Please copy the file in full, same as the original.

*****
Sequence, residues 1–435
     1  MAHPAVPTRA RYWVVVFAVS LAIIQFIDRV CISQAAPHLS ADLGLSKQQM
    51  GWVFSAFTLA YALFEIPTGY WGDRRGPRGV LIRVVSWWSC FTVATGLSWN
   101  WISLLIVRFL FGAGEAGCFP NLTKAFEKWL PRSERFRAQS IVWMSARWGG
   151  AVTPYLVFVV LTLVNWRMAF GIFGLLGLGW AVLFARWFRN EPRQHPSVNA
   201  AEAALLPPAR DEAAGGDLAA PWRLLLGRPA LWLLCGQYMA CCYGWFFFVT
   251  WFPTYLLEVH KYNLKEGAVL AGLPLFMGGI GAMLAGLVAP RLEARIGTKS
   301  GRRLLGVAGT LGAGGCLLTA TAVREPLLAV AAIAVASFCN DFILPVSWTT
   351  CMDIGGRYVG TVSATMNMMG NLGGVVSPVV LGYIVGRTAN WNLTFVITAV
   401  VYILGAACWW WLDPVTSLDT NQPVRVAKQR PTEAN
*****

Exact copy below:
Sequence, residues 1–435
     1  MAHPAVPTRA RYWVVVFAVS LAIIQFIDRV CISQAAPHLS ADLGLSKQQM
    51  GWVFSAFTLA YALFEIPTGY WGDRRGPRGV LIRVVSWWSC FTVATGLSWN
   101  WISLLIVRFL FGAGEAGCFP NLTKAFEKWL PRSERFRAQS IVWMSARWGG
   151  AVTPYLVFVV LTLVNWRMAF GIFGLLGLGW AVLFARWFRN EPRQHPSVNA
   201  AEAALLPPAR DEAAGGDLAA PWRLLLGRPA LWLLCGQYMA CCYGWFFFVT
   251  WFPTYLLEVH KYNLKEGAVL AGLPLFMGGI GAMLAGLVAP RLEARIGTKS
   301  GRRLLGVAGT LGAGGCLLTA TAVREPLLAV AAIAVASFCN DFILPVSWTT
   351  CMDIGGRYVG TVSATMNMMG NLGGVVSPVV LGYIVGRTAN WNLTFVITAV
   401  VYILGAACWW WLDPVTSLDT NQPVRVAKQR PTEAN